Philip: Yes. But we never have an uncomplicated relationship with language. I think, very often, with my father I’m being like a good parent, being a kind of guide and spokesperson for the person who is trying to speak: not wanting to patronise him or to speak for him, but feeling extraordinary discomfort because so much of our self-worth in the world is in our speech and our voices. It’s also been fascinating, because he still has a voice; he just doesn’t have speech. He utters a great deal, but almost none of it makes sense that anyone else can uncode. I feel I’m doing well if I get one word in a hundred. It’s a condition he is handling with extraordinary stoic patience and good humour. So this question about guilt is an absolutely essential one at the moment: do I feel there’s a danger that I’m exploiting him? I think if he and I, in some quite mythical way, were standing outside of time, looking in at our selves who are in this moment, I think he would say that I’m doing the right thing by him and by, if you like, my gift: that in fact I can do this work, and I’ve been given this material which I’m finding, even in the advance of the book being out, quite a lot of other people find really quite resonant.
Jen: Well, a lot of us are 50ish and have ageing parents, or are 40ish and have anorexic children. Not that one writes necessarily to do good, but to make something real perhaps.
Philip: It’s more that we do live our lives in poetry, and sometimes it’s not clear to other people or even ourselves why it matters so intensely; and then once in a while the lived experience is just standing in the way and saying, ‘If you avoid me, then it devalues your whole gift’. If it’s worth you being able to discover anything more than an ornate word game it will be some help with this situation—not necessarily making it better, but it being clarified.
Jen: So clarification you think is maybe the point of this work?
Philip: Yes. I’m not using words like healing because I don’t think healing is at issue. It’s rather being alongside what is inevitably happening within our lives. I’m saying clarity rather than understanding, because understanding implies a sort of grasp of purposes and reasons, but it might be more of a matter of just seeing and acknowledging what is, and that we must achieve clarity to somehow be with it more effectively.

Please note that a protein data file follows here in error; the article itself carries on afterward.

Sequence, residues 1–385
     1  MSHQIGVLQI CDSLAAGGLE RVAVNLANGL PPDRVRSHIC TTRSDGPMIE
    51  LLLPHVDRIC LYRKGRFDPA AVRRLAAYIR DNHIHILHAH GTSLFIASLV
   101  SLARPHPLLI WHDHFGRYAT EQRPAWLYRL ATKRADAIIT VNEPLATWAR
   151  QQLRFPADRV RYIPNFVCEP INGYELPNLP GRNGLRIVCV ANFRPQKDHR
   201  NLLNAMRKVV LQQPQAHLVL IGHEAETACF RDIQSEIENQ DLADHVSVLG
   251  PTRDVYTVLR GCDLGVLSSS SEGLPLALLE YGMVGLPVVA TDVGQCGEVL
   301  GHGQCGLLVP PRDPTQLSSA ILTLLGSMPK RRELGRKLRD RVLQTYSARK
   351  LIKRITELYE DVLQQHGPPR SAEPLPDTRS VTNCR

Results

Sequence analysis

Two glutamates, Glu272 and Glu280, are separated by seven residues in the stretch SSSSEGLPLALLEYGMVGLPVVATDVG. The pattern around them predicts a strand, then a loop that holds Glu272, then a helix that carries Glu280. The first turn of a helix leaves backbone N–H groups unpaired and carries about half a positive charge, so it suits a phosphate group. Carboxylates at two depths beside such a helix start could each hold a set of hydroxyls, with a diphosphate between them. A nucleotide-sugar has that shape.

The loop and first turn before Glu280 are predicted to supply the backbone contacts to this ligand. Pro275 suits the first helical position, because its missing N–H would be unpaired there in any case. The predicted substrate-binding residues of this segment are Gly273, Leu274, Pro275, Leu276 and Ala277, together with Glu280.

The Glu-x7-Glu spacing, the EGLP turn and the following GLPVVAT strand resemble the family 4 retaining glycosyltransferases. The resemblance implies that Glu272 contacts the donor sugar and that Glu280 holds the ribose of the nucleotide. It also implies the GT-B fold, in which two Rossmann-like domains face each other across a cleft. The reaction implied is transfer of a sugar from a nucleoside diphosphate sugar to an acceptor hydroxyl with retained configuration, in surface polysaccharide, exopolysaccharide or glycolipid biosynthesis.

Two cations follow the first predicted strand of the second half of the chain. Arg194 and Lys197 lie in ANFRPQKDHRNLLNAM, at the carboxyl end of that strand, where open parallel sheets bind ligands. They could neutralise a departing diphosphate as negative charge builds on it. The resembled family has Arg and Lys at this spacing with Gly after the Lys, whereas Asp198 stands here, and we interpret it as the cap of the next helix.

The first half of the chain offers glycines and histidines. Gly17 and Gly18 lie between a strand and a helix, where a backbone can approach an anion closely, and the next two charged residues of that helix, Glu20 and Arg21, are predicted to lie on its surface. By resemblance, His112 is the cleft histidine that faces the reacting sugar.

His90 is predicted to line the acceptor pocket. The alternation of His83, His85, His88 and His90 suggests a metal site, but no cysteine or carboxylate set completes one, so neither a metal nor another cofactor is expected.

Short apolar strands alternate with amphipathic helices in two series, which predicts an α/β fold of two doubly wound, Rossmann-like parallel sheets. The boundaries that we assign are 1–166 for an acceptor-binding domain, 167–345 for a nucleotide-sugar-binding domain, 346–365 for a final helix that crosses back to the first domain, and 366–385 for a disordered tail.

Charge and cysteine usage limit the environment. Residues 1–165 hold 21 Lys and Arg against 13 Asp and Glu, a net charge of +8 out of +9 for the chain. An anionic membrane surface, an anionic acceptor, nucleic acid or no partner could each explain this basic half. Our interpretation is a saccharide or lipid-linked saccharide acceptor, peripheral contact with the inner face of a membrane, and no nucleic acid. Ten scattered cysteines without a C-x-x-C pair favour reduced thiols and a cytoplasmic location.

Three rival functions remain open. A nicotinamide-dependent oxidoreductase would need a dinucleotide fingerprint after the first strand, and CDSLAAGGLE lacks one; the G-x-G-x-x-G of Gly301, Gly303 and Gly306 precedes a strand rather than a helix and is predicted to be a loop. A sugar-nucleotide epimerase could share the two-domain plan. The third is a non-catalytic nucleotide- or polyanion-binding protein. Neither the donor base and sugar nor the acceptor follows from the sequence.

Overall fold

Jen: Is that a Quaker philosophy? I mean this is coming from a religious belief, or is it, do you think, the effect of having been a poet for so long and having thought about these things? That’s not one of my questions; I’m just interested.
Philip: It’s only in the last, very small number of years that I’ve talked about being a poet among Quakers and being a Quaker among poets. Suddenly I just noticed that I was using the one thing as a metaphor for the other, both ways, all the time. For instance, I was explaining what I was doing and what I hoped people would be doing with each other in a writing workshop, and again and again I was saying, ‘Well, think of a Quaker meeting’, and people said, ‘Well hell, I’ve got no idea what goes on in a Quaker meeting so tell us’. I was finding not just that there were analogies there, but that it might be coming from the same place.
Jen: So your idea of the analogy was not the Platonic sense, always rocking: touching and moving away, touching and moving away.5 You see it as something more laminated, maybe?
Philip: But that is some superordinate thought of the issues that matter so much in both things, of being very close to whatever it is that matters most in life. Speaking earlier, I almost used the nicely quaint old Quaker word, which is clearness. I think it’s the concept that the Buddhist or the Taoist use: when you feel that you are seeing things clearly enough around you so that you can take the appropriate course through them.